Cargo is a futuristic sci-fi film that is set on a spaceship where a good looking demon works for the Post Death Transition services with the help of a female astronaut, where dead people are recycled for rebirth (super futuristic no doubt)

Cast – Vikrant Massey, Shweta Tripathi, Konkana Sen (Cameo)

Director- Arati Kadav

The Long List of Woes

I agree that we normally feel excited to see Hindi cinema delving into sci-fi, which is a rare phenomenon, and are generally keen to gobble up anything that’s doled out, excited and jumping with glee but I think it’s highly unfair to serve us a half-cooked bland fare.

Cargo opens to show us 2027 (just 7 yrs away… isn’t that too soon?🤔) and some gibberish about a pact between demons and humans and their collaborative project of spaceships that handle Post Death Transition services. Prahastha (Vikrant) is a good looking “modern day” demon working alone on one such spaceship till he is joined by a female astronaut, Yuvishka  (Shweta).

The “cargos” they receive are people who have died on earth (surprisingly unsurprised to suddenly find themselves on a spaceship even in case of accidental deaths, they land absolutely nonplussed, devoid of shock or grief though equally keen to finish their unfinished business… contradictory… huh)

They are cleared of their physical possessions (just like those airport check processes complete with plastic trays and all and in a proper queue… I really appreciate the discipline).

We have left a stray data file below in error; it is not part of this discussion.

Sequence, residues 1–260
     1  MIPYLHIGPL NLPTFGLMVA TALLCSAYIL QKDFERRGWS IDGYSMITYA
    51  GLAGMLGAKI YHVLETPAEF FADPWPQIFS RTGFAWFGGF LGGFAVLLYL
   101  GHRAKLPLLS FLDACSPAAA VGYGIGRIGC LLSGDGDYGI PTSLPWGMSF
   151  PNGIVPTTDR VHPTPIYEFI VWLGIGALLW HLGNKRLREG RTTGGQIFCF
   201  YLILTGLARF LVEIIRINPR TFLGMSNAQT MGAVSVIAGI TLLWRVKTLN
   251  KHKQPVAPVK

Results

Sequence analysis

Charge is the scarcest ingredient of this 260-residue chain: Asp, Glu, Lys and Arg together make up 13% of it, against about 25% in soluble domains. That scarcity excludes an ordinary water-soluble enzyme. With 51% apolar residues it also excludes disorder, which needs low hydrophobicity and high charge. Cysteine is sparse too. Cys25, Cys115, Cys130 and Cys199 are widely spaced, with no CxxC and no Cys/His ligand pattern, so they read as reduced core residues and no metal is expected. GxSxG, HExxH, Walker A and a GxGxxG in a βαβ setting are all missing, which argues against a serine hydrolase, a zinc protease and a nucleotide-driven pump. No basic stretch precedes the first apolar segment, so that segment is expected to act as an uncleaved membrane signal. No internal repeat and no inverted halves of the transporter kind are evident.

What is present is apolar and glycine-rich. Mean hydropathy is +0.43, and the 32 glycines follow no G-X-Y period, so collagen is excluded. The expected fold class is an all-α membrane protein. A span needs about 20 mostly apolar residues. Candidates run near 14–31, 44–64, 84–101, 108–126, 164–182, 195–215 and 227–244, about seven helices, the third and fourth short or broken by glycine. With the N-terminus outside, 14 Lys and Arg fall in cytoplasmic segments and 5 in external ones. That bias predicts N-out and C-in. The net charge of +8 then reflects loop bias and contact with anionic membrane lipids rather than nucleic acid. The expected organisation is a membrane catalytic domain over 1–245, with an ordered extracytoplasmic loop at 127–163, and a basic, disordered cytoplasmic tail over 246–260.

Now the blasphemy! The belongings are then disposed off in open space!!! Don’t they know that this trash will keep floating around till eternity? 😨

They are then healed physically (with some kind of equipment that looks straight from a class 6 science project) and then finally erased of all their memories.

Prahastha seems to be old school types… writing letters (as in proper pen-paper wala letters ) to his lady love which he never sends anyways.

All the equipment present in the spaceship is remodelled stuff from somewhere back in late 60s. I mean you can literally recognise those old style TV screens and transistor style boxes.

The touchscreen gadgets have unfortunately gotten bigger and bulkier than what we see now (wait…isn’t that supposed to be the other way round 🤨)

The news articles about earth are pictures of the old style newspapers that we used to have years back (I mean there are digital versions of news even in 2020!🙄)

The list of such flaws is long. Let’s leave it at that.

I failed to understand how could the film makers rope in such good actors like Massey and Tripathi (something to do with Anurag Kashyap being the producer I guess?) and such amazingly bad quality extras at the same time. I mean an eye for quality should be the same for both na?

I agree that small films have budget constraints. But then why delve into sci-fi?… that too a concept that requires some decent physical infrastructure or special effects or something…

Swearing by God that I always give my best shot while watching something new and I didn’t fast forward this anywhere fearing to miss that eureka moment when I could guess what the makers are trying to convey. But alas… !

I really appreciate how Anurag Kashyap is always supporting new talent, new formats, new concepts, but expecting some of his qualitative inputs wouldn’t be asking for too much I hope.

The film is nothing but a big drag of time and wastage of two very good actors. The only thing I can appreciate is the novelty of concept (which they couldn’t execute unfortunately).

But for that alone, can I request those who have Netflix, to give it a try? I mean you never know…

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